Art And Artforms In The Art Of The Aztec Art

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When it comes to art the Aztecs were very versatile when creating artforms in their culture. In their culture Aztecs were adept in making art forms such as pottery, stone work, and even feather work itself. In the 15th to 16th century Aztec art was a dominant source of expression in Mesoamerica and was vastly know through trade and other ways of circulation (Cartwright). Aztec artworks were created by an artisan class for priests and the ruling classes to perpetuate cosmic forces and reinforce political power. The monumental stone sculpture of deities and their placement in the Templo Mayor shed light on the need for sacrifice in order for the political and cosmic order to continue. One of the greatest artworks created by the Aztec was a stone carving of a deity called Coatlicue or also known as serpent skirt. Through this masterful art piece alone we could understand the Aztecs belief system, and even its economic/political structure as well.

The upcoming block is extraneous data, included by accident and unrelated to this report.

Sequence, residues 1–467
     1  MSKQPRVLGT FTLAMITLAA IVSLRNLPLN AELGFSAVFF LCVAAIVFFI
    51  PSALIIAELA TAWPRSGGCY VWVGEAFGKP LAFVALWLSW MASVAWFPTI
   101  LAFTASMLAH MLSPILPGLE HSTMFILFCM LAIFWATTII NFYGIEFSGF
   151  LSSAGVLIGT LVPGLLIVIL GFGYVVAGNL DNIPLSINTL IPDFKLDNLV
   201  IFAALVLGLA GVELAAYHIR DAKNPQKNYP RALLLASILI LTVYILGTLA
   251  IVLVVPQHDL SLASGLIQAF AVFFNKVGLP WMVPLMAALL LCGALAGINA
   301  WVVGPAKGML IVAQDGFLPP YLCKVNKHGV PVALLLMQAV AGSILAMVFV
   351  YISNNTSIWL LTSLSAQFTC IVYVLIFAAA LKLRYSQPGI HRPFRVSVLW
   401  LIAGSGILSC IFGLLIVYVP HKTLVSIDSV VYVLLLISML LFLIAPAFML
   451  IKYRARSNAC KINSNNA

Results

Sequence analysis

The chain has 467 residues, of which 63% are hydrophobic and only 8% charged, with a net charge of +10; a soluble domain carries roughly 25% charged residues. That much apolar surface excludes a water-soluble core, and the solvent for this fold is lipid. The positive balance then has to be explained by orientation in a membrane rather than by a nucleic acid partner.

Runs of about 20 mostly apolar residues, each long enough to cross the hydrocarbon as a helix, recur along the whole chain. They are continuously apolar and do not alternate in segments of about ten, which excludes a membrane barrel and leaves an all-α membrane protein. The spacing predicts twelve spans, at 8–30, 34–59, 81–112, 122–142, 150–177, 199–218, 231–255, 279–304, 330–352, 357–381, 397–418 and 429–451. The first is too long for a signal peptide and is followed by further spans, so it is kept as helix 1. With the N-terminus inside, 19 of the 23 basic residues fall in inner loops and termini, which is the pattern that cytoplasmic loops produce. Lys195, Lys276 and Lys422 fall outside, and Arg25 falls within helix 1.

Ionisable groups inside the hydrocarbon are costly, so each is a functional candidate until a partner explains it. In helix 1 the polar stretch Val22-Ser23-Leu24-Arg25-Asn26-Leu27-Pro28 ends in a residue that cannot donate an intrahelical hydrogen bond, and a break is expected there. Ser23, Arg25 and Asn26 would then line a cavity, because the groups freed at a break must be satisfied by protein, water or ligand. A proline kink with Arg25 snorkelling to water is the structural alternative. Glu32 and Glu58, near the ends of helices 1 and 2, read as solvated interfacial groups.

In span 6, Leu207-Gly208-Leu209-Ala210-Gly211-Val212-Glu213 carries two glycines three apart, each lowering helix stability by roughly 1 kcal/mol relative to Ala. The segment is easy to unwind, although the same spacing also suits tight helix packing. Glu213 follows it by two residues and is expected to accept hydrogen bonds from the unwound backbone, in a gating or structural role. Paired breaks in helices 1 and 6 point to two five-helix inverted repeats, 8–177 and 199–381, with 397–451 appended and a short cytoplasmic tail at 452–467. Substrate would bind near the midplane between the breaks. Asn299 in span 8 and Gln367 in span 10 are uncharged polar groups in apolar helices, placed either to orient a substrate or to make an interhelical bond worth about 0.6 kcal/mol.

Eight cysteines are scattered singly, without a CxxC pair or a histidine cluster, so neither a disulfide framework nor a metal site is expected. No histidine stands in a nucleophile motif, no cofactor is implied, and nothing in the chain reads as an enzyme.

Coatlicue or serpent skirt played a major role in Aztec society as the background information of this artwork is very intriguing. Coatlicue, serpent skirt, is known as the Aztec mother earth and mother of Huizilopochtli (Klein). The art piece itself is represented by a severed head replaced with two snake heads, also wearing a necklace of severed hands and human hearts with a skull in the middle (Klein). In the Aztec culture the stone carving of Coatlicue was feared by many as the statue was deemed to be to graphic for others to look

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